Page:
By Porter Anderson, Editor-in-Chief | @Porter_Anderson
‘The Role of Women’ in Our History
In his presentation in BookExpo’s “Consumer Centric Data” conference session, OverDrive’s David Burleigh spoke of enormous sales impact on titles featured in the company’s Big Library Read program.
Referred to in press materials as “the world’s largest global ebook club,” Big Library Read is not unlike the US National Endowment for the Arts’ Big Read program, but set in the library world and on an international scale.
In this year’s iteration, participants have two weeks—today, June 12 through June 26—to read Marie Benedict’s novel The Other Einstein (Sourcebooks Landmark, October) as a free ebook checkout from their library. During the period of the Big Library Read, there are no restrictions placed on how many checkouts can be made. For readers, there are no waiting lists, no holds, and no late fees: the ebook automatically expires at the end of the two-week period.
The Other Einstein is made available in formats for use on “all major computers and devices,” per press information, including iOS and Android devices. In the United States, Amazon Kindle .mobi files are available.
Begun in 2013, the Big Library Read program’s chosen titles are selected by reader vote and by librarians. OverDrive’s information shows that in the last selection, Julie McElwain’s A Murder in Time (Pegasus Books, 2016), sales for the book great “by nearly 800 percent in 2016,” making the title one of the bestselling last year for Pegasus. The Benedict book is the 13th title in the Big Library Read series.
There’s good timing, of course, in the choice of Benedict’s The Other Einstein, which is about the Serbian Mileva “Mitza” Marić, the first wife of Albert Einstein. National Geographic’s Genius–Ron Howard’s series on Einstein, the first scripted production for National Geographic. It began its airings on April 23 with Johnny Flynn and Geoffrey Rush as the younger and older Einstein, respectively.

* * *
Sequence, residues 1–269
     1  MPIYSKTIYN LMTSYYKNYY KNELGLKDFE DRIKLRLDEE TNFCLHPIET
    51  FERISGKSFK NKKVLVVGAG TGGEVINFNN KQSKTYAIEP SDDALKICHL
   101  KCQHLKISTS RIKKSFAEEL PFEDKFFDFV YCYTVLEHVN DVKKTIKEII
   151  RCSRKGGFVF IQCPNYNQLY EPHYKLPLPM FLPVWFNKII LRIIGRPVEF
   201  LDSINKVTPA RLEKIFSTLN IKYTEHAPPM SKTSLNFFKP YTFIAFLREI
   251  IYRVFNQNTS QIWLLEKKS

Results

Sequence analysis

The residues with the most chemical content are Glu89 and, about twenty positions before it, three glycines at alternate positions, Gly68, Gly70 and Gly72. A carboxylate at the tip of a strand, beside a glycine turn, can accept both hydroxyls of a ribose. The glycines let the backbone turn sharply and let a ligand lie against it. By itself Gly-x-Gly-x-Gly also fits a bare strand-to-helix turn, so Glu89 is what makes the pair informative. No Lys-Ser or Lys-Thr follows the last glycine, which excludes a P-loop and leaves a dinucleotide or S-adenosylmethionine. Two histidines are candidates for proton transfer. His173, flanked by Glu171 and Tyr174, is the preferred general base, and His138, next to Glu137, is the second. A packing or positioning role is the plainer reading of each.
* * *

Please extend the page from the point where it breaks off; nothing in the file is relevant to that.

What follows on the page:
Marić is said to have been a formidable student in physics in her own right and met Einstein at Zurich Polytechnic, hardly an easy place to gain a seat as a woman in the 1890s. At one point, her physics grade is said to have equalled Einstein’s, and there’s been some debate, historically, as to whether she contributed to the Theory of Relativity.
In a letter to Big Library Read participants, Benedict writes:
“While reading a children’s biography about Albert Einstein with one of my sons, I discovered that the great scientist’s first wife had been a physics student alongside him at university.”Who was this relatively unknown woman, I wondered, a physicist at a time when it was illegal for girls to even attend high school in many European countries? And then, of course, I became curious about the role she might have played in his “miracle year” of 1905 when he published his most important theories.
“The more I researched Mileva and came to know her through her letters, I realized that her story was powerful and important in itself, and instrumental in understanding our own history and the role of women in it.”
At press time, the program says that more than 20,000 libraries have opted into the effort.
At Publishing Perspectives’ request, the program has revealed this list of nations represented by libraries participating in the Big Library Read for The Other Einstein: Australia, Austria, Bahrain, Bermuda, Canada, Colombia, Denmark, Finland, Germany, Ireland, Israel, Japan, Luxembourg, Malaysia, Malta, the Netherlands, New Zealand, Norway, Qatar, Rwanda, Singapore, South Africa, South Korea, Sweden, Switzerland, Taiwan, Thailand, Trinidad and Tobago, Turkey, the United Arab Emirates, the United Kingdom and the United States.
At the Big Library Read site, you can see Marie Benedict interviewed about her book on video; look at previous selections for the program; learn more about The Other Einstein with a letter from the author and discussion guide; read a sample from the book; and join the discussion about it. Participation in the program is free of charge and available for card holders at participating libraries.